Trump’s top spokeswoman won’t say president has confidence in Attorney General Barr

John T. Bennett
·2-min read
Attorney General William Barr leaves the office of Senate Majority Leader Mitch McConnell of Ky., on Capitol Hill in Washington, Monday, Nov. 9, 2020. (AP Photo/Susan Walsh) (AP)
Attorney General William Barr leaves the office of Senate Majority Leader Mitch McConnell of Ky., on Capitol Hill in Washington, Monday, Nov. 9, 2020. (AP Photo/Susan Walsh) (AP)

White House press secretary Kayleigh McEnany declined to say that Donald Trump still has confidence in William Barr a day after the attorney general said the Justice Department has found no evidence of the widespread voter fraud the president claims cost him a second term.

Mr Trump’s top spokesperson stopped short of giving the AG a vote of confidence a day after he signaled the Justice Department does not plan to pursue any criminal charges over the president’s allegations of a Democratic conspiracy to tip the balance in a handful of states he lost to President-elect Joe Biden.

“There’s been one assertion that would be systemic fraud and that would be the claim that machines were programmed essentially to skew the election results. And the DHS and DOJ have looked into that, and so far, we haven’t seen anything to substantiate that,” Mr Barr told the Associated Press, also referring to the Department of Homeland Security.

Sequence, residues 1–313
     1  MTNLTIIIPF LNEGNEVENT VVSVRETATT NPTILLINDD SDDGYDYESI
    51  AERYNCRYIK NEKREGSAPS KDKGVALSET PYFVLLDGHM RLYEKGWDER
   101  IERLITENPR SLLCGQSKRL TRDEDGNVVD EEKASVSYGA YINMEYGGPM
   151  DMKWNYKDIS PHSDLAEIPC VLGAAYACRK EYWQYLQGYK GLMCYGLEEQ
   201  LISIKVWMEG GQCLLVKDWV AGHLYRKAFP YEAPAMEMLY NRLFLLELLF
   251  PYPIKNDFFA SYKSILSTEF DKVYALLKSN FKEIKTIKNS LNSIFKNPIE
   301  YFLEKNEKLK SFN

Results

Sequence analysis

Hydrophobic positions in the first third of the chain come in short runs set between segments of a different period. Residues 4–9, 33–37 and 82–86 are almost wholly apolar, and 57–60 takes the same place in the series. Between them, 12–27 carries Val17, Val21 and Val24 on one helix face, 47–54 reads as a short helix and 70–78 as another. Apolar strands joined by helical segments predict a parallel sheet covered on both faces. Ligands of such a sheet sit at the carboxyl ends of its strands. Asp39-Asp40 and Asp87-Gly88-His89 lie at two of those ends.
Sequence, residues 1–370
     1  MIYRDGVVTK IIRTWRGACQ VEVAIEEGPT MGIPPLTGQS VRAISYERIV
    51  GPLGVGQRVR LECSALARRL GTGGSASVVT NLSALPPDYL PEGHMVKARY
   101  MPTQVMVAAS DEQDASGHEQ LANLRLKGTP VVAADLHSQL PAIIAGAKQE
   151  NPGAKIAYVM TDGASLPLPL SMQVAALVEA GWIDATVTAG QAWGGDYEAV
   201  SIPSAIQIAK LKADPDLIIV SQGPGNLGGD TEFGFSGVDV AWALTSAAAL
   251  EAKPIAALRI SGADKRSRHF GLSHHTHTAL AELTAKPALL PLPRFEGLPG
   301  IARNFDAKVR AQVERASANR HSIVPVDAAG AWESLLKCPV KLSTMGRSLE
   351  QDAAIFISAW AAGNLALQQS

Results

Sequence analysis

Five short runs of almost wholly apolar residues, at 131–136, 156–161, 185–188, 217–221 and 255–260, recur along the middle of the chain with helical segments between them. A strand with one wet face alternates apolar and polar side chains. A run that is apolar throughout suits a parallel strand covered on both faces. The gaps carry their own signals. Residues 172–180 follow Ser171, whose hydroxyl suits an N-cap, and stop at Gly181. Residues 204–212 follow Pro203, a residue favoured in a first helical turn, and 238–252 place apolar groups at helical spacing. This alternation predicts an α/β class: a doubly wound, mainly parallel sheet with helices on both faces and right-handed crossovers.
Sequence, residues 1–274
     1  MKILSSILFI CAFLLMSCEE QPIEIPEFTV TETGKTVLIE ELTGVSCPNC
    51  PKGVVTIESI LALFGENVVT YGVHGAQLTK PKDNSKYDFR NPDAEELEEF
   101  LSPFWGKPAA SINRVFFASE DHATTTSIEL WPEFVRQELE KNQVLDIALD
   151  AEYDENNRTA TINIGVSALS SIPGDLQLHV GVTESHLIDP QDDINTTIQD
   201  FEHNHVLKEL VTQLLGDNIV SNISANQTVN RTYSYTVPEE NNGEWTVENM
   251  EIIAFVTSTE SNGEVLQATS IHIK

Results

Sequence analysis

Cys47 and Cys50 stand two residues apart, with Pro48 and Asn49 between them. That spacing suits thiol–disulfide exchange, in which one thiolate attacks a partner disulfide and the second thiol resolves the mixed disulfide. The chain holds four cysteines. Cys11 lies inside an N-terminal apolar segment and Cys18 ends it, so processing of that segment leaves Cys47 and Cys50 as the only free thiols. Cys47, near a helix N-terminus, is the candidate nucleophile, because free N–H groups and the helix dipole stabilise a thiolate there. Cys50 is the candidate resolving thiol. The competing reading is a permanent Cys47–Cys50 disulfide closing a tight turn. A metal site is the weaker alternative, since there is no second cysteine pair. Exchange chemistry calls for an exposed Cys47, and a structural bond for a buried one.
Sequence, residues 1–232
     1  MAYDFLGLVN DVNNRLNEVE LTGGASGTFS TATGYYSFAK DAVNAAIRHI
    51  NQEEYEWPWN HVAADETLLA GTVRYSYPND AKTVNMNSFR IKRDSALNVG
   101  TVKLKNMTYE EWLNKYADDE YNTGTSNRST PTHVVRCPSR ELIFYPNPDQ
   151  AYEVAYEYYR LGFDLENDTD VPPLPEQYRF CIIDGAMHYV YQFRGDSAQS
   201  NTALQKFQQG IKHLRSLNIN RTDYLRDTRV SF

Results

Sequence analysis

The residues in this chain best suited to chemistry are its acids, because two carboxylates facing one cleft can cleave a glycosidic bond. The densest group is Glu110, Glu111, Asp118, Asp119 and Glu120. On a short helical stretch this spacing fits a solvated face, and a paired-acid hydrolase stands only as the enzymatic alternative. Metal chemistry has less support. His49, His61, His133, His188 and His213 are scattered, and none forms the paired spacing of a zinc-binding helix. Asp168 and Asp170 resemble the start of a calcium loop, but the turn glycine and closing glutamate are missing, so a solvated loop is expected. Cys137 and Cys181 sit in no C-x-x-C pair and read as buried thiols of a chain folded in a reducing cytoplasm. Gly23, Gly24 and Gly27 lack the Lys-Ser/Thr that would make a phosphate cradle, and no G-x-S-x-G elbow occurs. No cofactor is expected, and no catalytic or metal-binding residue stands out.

Justice officials have received complaints about some shenanigans – just as they do every cycle.

"Voter fraud claims that had been submitted to the country’s top law enforcement department were “very particularized to a particular set of circumstances or actors or conduct,” Mr Barr told the wire service.

“They are not systemic allegations. And those have been run down; they are being run down,” the AG said. “Some have been broad and potentially cover a few thousand votes. … They have been followed up on.”

Mr Barr left the White House just after 5pm on Tuesday. He arrived two-and-a-half hours prior for what a spokeswoman said was a pre-scheduled meeting, not a presidential summons to discuss his lack of widespread voter fraud claims. Officials declined comment on whether he and his boss discussed the AP interview, keeping the never-ending-Trump-era palace intrigue alive.

He was there for a meeting with Chief of Staff Mark Meadows, Ms McEnany said on Wednesday. The duo discussed “an array” of issues, she said, adding she was not in the know on whether they discussed Mr Barr’s voter fraud comments.

She also claimed to be “not aware” of any Tuesday meeting between the president and his hand-picked AG, nor of any conversation on Wednesday.

Mr Barr’s remark lit Washington on fire with speculation Mr Trump might, as he has in recent weeks, remove Mr Barr for contradicting him on his “rigged” election claims.

"I guess he's the next one to be fired," Minority Leader Chuck Schumer told reporters on Tuesday.

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